The 2008 financial crisis had many impacts on the world economy, however, this article doesn’t cover those. I want to focus on one key impact. People had lost confidence in the banking system, consequently, they looked around for alternatives. This gave birth to a new technology called “Blockchain”.
In this article, I will explain how the blockchain technology emerged. I need to first elaborate on the emergence of Bitcoin for this. This article describes the challenges it sought to address, and how it addressed them. Subsequently, I will explain how the blockchain technology evolved.
The emergence of Bitcoin: The “Why” of it
An individual or a group of people using the pseudonym “Satoshi Nakamoto” published a paper in October 2008. The paper was titled “Bitcoin: A Peer-to-Peer Electronic Cash System”. Nakamoto released the first version of the Bitcoin software in January 2009. The Blockchain technology underpins Bitcoin.
Nakamoto intended to address the following with Bitcoin:
1. With confidence in banks plummeting, people needed a payment system outside the control of banks and governments. They should be able to send digital money to a recipient in a decentralized manner.
2. People should be able to securely transact in that system without hackers hijacking their transaction authority.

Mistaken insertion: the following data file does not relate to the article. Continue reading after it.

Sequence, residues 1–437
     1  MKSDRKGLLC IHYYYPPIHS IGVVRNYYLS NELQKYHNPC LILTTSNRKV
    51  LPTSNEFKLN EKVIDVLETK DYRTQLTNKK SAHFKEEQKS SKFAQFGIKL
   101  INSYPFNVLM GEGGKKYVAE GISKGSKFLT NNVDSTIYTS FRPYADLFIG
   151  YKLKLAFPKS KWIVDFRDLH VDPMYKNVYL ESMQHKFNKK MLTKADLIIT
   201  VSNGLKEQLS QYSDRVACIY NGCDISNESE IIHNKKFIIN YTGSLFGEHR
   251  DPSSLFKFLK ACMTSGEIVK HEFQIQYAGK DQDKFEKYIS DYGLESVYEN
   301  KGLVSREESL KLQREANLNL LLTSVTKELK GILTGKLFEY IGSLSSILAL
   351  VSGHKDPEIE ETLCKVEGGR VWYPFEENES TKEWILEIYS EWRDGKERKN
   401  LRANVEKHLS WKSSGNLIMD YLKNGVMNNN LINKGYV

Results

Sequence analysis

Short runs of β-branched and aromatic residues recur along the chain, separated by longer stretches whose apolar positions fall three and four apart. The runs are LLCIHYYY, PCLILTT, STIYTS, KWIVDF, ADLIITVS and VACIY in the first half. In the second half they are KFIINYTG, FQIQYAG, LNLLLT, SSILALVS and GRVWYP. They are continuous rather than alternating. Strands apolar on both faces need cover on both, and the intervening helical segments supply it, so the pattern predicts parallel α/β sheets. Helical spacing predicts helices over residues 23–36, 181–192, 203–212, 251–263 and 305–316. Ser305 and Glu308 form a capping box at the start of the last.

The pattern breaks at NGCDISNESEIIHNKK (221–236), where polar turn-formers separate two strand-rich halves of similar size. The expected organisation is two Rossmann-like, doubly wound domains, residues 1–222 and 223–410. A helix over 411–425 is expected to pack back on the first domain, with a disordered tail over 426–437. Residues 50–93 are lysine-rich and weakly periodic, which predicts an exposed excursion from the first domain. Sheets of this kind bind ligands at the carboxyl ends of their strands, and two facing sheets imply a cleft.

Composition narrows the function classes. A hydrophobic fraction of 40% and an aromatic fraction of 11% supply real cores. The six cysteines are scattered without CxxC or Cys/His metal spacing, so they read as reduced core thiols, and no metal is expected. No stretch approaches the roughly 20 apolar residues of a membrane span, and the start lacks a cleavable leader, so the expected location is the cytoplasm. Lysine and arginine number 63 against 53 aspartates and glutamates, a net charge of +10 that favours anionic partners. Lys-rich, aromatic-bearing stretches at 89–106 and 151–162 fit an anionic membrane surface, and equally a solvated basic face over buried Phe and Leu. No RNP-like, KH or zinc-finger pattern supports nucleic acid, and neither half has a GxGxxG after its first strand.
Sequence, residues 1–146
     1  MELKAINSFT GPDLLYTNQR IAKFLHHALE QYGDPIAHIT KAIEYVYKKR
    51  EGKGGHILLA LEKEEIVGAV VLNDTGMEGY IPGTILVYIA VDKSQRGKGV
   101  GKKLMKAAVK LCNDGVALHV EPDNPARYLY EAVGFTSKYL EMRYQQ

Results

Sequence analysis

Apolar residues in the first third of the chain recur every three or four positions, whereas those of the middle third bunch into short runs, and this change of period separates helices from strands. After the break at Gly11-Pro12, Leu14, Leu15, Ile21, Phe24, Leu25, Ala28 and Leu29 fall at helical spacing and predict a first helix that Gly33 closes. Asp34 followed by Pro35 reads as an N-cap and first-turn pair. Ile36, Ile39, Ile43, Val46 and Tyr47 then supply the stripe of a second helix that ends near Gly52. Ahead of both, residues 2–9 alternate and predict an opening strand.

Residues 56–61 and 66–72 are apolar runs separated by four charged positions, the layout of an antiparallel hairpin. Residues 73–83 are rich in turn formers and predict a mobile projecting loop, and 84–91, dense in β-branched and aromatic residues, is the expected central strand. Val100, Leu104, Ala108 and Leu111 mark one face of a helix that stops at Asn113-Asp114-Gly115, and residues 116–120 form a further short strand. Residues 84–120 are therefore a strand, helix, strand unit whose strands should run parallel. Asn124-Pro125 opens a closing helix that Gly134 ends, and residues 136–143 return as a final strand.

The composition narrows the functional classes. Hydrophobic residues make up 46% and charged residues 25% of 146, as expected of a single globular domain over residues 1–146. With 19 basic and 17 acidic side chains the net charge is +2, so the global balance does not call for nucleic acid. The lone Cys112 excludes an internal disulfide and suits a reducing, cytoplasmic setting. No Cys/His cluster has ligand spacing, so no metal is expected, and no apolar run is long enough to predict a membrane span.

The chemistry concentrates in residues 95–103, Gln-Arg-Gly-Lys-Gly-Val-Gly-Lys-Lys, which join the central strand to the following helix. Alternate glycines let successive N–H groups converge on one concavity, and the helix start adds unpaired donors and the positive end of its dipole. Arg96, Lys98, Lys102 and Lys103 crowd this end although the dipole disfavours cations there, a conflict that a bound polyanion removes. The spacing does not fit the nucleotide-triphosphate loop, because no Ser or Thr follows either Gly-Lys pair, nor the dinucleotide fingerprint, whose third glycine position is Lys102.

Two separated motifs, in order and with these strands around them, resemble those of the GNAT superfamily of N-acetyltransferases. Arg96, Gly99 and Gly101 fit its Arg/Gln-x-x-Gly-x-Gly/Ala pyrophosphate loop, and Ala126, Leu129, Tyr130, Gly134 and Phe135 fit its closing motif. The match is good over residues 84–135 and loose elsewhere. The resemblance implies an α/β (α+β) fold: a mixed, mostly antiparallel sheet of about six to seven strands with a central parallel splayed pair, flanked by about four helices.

3. The system should be stable enough to viably compete with the banking giants.
4. Since the digital currency is outside of the control of banks and governments, there’s no one to back it. Given this, people may spend the same digital currency twice. This is called ‘Double spending’. Nakamoto needed to prevent this.
How did Bitcoin ensure decentralization?
I will now explain how Nakamoto ensured the decentralization in the Bitcoin blockchain and addressed the 1st requirement. Banks can control how people conduct monetary transactions since they have centralized networks. Consumers conduct payment transactions via these networks.
Consumers can’t conduct these transactions independently. Consumers are safe if banks conduct their business fairly. If banks compromise on fair business practices, consumers suffer, as the 2008 financial crisis had shown.
Nakamoto designed a ‘Peer-to-Peer’ (P2P) network. There is no central server administering it. One computer in this network, often called a ‘node’ can open a communication channel with another node. All nodes have equal authority. A user can send Bitcoins (BTCs)to another user without external intervention. Well, at least partly! I will explain this in more details shortly.
How does Bitcoin keep users’ transaction authority safe?
Users of a digital currency need security so that hackers can’t conduct fraudulent transactions on their behalf. Bitcoin uses a digital signature for this purpose using the public key-private key cryptography.